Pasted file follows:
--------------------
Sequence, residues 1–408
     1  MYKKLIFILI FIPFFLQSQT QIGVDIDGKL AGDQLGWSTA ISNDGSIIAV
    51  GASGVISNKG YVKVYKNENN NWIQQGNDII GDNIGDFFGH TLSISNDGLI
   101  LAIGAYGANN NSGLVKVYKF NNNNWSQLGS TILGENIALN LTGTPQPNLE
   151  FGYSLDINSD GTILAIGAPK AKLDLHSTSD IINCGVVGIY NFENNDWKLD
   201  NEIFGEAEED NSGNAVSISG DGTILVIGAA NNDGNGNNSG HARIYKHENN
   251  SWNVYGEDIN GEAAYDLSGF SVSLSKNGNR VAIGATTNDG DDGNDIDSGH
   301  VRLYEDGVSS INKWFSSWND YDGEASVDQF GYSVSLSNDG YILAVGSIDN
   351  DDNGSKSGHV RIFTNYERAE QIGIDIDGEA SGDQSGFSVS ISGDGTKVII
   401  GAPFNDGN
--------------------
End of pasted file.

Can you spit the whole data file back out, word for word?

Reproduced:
Sequence, residues 1–408
     1  MYKKLIFILI FIPFFLQSQT QIGVDIDGKL AGDQLGWSTA ISNDGSIIAV
    51  GASGVISNKG YVKVYKNENN NWIQQGNDII GDNIGDFFGH TLSISNDGLI
   101  LAIGAYGANN NSGLVKVYKF NNNNWSQLGS TILGENIALN LTGTPQPNLE
   151  FGYSLDINSD GTILAIGAPK AKLDLHSTSD IINCGVVGIY NFENNDWKLD
   201  NEIFGEAEED NSGNAVSISG DGTILVIGAA NNDGNGNNSG HARIYKHENN
   251  SWNVYGEDIN GEAAYDLSGF SVSLSKNGNR VAIGATTNDG DDGNDIDSGH
   301  VRLYEDGVSS INKWFSSWND YDGEASVDQF GYSVSLSNDG YILAVGSIDN
   351  DDNGSKSGHV RIFTNYERAE QIGIDIDGEA SGDQSGFSVS ISGDGTKVII
   401  GAPFNDGN